• 1980s to Today: Deregulation and Capital Account Liberalisation  The stock of corporate bonds outstanding has increased significantly over the past 30 years, with the market now equivalent to around 62 per cent of GDP. At the same time, there has been an increase in the diversity of issuers (especially by credit rating), a sectoral shift in the issuer base from non-financial corporations to banks, and increased utilisation of offshore bond markets. The deregulation of the banking system in the 1980s and the floating of the exchange rate and abolition of capital controls in 1983 contributed to these changes. The removal of capital controls and the introduction of compulsory superannuation have also driven changes in the composition of the investor base, with holdings by non-residents and institutional investors largely replacing direct holdings by households.
  • Australian Govt. Bond Market  The Government bond market in Australia can be categorised in to two parts:- 1.Bond issued by Commonwealth government, 2.Bond issued by State/Territory governments
  • Commonwealth Government Securities  Commonwealth Government Securities (CGS) includes all debt issued by the Commonwealth. The Commonwealth currently uses three debt instruments: Treasury Fixed Coupon Bonds, Treasury Indexed Bonds and Treasury Notes  Gross outstanding CGS has fallen from a peak of around $106 billion in 1997 to around $62 billion. Treasury Fixed Coupon Bonds outstanding are around $50 billion. To date the Government has managed this reduction while maintaining the viability of the CGS market and its supporting infrastructure.
  • Treasury Fixed Coupon Bonds Treasury Fixed Coupon Bonds account for around 80 per cent of CGS outstanding. With these securities: the face value or capital value is repaid at maturity; holders receive coupons semi-annually; and trade is on the basis of yield to maturity. There are 11 benchmark securities that have a range of maturities extending to April 2015. The average volume outstanding in these key benchmark securities is close to $5 billion. The Government has weighted recent issuance towards securities with an initial term to maturity of between 11 and 13 years. This weighting towards the long end of the yield curve helps maintain the length of the Commonwealth yield curve. This financial year, the Government is expected to concentrate issuance in the April 2015 security. Issuance of relatively longer dated securities reflects the Government's comparative advantage in borrowing for longer periods. The Commonwealth is the highest rated issuer in the country, and all major rating agencies give it the highest possible rating. This reflects the Government's capacity to raise taxes to service debt funding needs.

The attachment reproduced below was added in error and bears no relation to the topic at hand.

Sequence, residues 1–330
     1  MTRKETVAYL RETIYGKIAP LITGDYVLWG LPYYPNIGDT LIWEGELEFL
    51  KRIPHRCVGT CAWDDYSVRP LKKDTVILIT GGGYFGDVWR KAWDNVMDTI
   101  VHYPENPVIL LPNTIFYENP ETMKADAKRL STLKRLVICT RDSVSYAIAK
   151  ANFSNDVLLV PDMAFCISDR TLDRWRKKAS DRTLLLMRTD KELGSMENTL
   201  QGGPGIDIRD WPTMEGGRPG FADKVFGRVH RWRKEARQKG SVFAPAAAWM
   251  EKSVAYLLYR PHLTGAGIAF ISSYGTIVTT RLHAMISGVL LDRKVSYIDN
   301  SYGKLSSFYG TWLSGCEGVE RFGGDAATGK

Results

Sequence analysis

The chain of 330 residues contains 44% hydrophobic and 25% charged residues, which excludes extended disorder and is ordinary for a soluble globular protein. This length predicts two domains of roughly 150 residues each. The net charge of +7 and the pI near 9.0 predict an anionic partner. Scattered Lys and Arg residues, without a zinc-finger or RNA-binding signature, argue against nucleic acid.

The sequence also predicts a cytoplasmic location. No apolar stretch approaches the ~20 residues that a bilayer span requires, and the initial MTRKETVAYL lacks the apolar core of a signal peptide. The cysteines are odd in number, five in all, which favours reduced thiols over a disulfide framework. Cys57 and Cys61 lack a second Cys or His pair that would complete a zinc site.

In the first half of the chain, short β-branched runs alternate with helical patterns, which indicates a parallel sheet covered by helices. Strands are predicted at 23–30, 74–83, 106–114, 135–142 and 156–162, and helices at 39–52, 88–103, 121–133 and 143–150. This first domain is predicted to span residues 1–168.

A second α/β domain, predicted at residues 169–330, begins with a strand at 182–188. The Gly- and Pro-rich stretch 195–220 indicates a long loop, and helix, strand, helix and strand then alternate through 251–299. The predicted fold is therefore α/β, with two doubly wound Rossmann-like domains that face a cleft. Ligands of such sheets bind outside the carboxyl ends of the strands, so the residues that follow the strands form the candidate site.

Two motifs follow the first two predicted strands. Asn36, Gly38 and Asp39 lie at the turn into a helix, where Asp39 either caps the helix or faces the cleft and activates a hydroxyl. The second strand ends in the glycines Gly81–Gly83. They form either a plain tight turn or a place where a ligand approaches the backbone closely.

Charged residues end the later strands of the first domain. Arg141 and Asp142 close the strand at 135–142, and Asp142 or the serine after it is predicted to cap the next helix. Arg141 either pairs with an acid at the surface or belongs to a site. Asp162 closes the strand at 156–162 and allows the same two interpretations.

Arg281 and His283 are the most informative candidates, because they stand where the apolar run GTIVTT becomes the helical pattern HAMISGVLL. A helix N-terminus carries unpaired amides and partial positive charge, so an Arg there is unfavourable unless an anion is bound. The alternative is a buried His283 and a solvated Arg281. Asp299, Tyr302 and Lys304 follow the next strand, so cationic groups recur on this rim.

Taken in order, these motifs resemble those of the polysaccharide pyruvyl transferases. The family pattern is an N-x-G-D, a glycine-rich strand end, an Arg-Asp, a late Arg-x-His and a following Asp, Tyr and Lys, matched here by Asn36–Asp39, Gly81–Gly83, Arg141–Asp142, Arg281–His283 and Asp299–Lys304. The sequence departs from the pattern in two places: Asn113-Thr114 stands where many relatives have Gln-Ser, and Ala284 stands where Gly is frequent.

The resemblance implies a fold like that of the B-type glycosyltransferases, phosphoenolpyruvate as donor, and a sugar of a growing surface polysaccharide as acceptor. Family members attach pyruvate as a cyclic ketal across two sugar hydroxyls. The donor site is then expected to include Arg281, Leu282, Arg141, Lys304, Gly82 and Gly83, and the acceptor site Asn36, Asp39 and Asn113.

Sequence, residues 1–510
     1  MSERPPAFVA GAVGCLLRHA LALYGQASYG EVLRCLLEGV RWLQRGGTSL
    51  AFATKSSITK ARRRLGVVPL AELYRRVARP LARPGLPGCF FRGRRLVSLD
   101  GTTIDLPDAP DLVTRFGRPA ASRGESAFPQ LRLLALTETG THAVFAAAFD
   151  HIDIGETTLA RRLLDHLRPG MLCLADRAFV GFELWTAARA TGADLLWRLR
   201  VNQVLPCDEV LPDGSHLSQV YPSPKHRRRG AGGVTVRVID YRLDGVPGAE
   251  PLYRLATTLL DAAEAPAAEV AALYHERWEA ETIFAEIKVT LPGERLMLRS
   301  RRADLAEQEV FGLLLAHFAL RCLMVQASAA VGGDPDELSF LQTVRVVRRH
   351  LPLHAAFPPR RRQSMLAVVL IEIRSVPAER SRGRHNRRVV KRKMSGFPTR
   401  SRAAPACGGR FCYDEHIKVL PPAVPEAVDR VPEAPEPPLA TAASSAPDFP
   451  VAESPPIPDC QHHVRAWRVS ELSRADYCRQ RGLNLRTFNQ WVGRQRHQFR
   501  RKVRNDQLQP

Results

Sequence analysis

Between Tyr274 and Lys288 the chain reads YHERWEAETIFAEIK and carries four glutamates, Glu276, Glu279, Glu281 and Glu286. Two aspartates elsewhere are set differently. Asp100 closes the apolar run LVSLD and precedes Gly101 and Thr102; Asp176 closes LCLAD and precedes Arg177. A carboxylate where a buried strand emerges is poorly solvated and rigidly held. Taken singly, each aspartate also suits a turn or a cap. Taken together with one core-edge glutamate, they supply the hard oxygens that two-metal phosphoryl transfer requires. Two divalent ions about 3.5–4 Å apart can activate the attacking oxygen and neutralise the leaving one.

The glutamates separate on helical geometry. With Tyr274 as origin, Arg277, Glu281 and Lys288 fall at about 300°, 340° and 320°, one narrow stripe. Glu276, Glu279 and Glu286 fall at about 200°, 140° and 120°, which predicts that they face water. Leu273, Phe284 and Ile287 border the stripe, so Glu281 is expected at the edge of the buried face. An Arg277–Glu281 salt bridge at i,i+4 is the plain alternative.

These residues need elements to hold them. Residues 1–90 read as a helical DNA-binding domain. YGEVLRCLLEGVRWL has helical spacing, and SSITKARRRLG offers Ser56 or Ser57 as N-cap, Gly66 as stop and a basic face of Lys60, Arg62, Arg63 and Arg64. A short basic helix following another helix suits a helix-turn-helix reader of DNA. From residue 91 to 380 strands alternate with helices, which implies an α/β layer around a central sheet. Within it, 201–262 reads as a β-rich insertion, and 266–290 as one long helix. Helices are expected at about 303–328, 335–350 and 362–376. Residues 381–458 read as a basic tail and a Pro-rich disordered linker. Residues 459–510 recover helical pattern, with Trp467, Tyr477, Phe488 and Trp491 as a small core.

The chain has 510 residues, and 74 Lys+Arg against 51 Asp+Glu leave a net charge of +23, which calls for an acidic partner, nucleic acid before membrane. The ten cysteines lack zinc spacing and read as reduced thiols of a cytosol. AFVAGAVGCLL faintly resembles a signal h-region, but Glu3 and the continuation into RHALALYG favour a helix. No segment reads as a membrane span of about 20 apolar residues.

• Treasury Indexed Bonds Treasury Indexed Bonds guarantee holders of these securities a real rate of return. The coupon and capital for these securities is linked to a measure of inflation (Consumer Price Index). The volume of these securities outstanding is currently $6.4 billion or around 10 per cent of total outstanding CGS. Treasury Notes Treasury Notes are the third form of CGS the Government currently issues. Treasury Notes are short-term securities that assist in managing the Government's within- year funding requirement. This within-year funding requirement arises because the timing of the Commonwealth's revenue does not exactly match the expenditure profile. The Government also uses short-term deposits to assist in managing the within-year funding requirement. When the Commonwealth has surplus funds, it places these funds on deposit with the Reserve Bank of Australia (RBA). The deposits earn a rate of return broadly similar to interest paid on Treasury Notes.
  • Investors in Commonwealth Government Securities A wide range of domestic and international investors hold CGS. The Australian market has a relatively high level of non-resident participation with holdings ranging from 30 to 40 per cent in recent years (Australian Bureau of Statistics, 2002a). This position has changed significantly in the past 20 years. Previously, the market was heavily oriented towards a domestic investor base, with explicit prohibitions on the capacity of non-residents to invest in CGS. Banks and financial intermediaries hold around 10 per cent of outstanding CGS for purposes including meeting prudential requirements, holding an inventory of stock to assist trading, and hedging market risks associated with various transactions. Pension funds hold around 20 per cent of outstanding CGS as a low risk long- term asset to match against their long-term liabilities. Similarly, insurance companies hold around 20 per cent to invest premiums in long-term assets to match the likely maturity of their policies. The RBA has historically held around 15 per cent of outstanding CGS to facilitate its open market operations to implement monetary policy and contribute to financial system stability. In recent years, the RBA has reduced its reliance on outright purchases of CGS to implement monetary policy.
  •  State and Territory government bonds account for around $48.5 billion, or 31 per cent, of total fixed coupon bonds outstanding. The dominant issuers are New South Wales, Victoria and Queensland. In each State and Territory, a central borrowing authority (CBA) borrows on behalf of relevant government public sector authorities and entities. Centralising the funding needs of these borrowers provides a more efficient source of funding than if each entity individually sourced funds.  CBAs use a range of funding instruments but fixed coupon bonds tend to be the primary security issued. The combination of all State and Territory bonds outstanding broadly matches the maturity profile of outstanding Commonwealth bonds. There is around $4 billion of State and Territory bonds that will mature in each financial year extending for a period of around ten years State and Territory government bonds